So we cut the Raichu line, and added 2 additional Basic Energy, a 4th Rayquaza EX ( They have all been converted into the Colorless one now, both due to an oddly "better" weakness, and the C-60 to an EX attack being important now! ) and a Manaphy EX. One of the floating spots freed up by reducing Spirit Links and Mega Turbos to 2 went towards a Jirachi EX. I cut one of the Unowns for a 4th Sycamore just to give the deck a bit more reliably raw draw power to help it function better under Garbodor lock. The final "freed" slot goes to a Lugia EX

The plan against Giratina EX is a combination of a lot of cards. 4 Colorless Rayquaza cycling between themselves hitting for 60 a piece for a Basic Energy ( Which we now run 5 of! ) gives you a very realistic shot at taking out a Giratina EX by grinding it out. Having the 5 Water Energy alone is a huge strength against Giratina. Jirachi lets you pressure the Double Dragon Energy, even if builds do run Special Charge to recycle them. If you are able to play N and discard a DDE, they have to not only hit the DDE again off their new hand, but they also have to draw an Escape Rope/Lysandre to not just be stuck right back where they were. This should guarantee the ability to break the lock somewhat safely. Lugia EX is the final piece of the puzzle, letting you crack a Giratina for a lot of damage for WW. Lugia is a pretty difficult card for Giratina to combat, and it should give the deck a powerful weapon in the matchup.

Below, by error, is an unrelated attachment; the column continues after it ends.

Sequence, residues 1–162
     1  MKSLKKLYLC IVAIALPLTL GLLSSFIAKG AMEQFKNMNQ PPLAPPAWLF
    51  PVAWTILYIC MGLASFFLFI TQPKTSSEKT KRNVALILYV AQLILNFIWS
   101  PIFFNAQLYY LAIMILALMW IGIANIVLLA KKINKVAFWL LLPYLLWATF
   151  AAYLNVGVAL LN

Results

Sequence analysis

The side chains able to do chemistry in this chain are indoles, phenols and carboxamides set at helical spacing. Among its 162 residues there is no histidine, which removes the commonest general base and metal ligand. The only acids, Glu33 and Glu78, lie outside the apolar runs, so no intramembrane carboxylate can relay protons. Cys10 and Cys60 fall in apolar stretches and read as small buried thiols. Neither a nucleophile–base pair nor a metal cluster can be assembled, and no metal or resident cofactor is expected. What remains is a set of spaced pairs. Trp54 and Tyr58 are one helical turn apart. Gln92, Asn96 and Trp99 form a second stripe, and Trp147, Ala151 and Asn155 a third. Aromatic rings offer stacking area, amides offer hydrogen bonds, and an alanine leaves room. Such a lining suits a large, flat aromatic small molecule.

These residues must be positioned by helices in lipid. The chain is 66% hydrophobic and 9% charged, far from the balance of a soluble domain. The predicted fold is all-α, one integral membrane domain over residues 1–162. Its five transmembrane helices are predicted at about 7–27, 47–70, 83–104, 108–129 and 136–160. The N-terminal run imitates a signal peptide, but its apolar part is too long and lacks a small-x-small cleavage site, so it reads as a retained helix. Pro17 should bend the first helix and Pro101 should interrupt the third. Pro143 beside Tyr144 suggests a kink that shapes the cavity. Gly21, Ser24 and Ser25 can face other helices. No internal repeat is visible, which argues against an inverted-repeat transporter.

Manaphy EX is in there to give the deck free retreat, which makes cycling between Rayquazas and Giratina and Jirachi very reasonable. You can also actually attack with Manaphy EX to heal your Rayquazas some, as it has 120 HP and is 10 shy of being taken out in one hit by a Chaos Wheel with a Fury Belt. With the cycling Rayquaza game plan, ideally you stick a Spirit Link under Chaos Wheel, as you can transition midgame to the AOR Mega Rayquaza and wipe off the Chaos Wheel damage and have another clean attacker.

I toyed with running an Energy Switch to abuse with Teammates/Puzzle of Time, as it also lets you power up a Lugia EX out of no where. If I wanted to go really deep, running a Regice is an option too, as most Mega Mewtwo builds are really really soft to it at the moment. Mega Scizor decks are as well. I'm not sure where I would find the two spaces for that, but the option is on the table. ( I guess I could begrudgingly cut the last Unown, and maybe go down to 3 Rayquaza EX again. )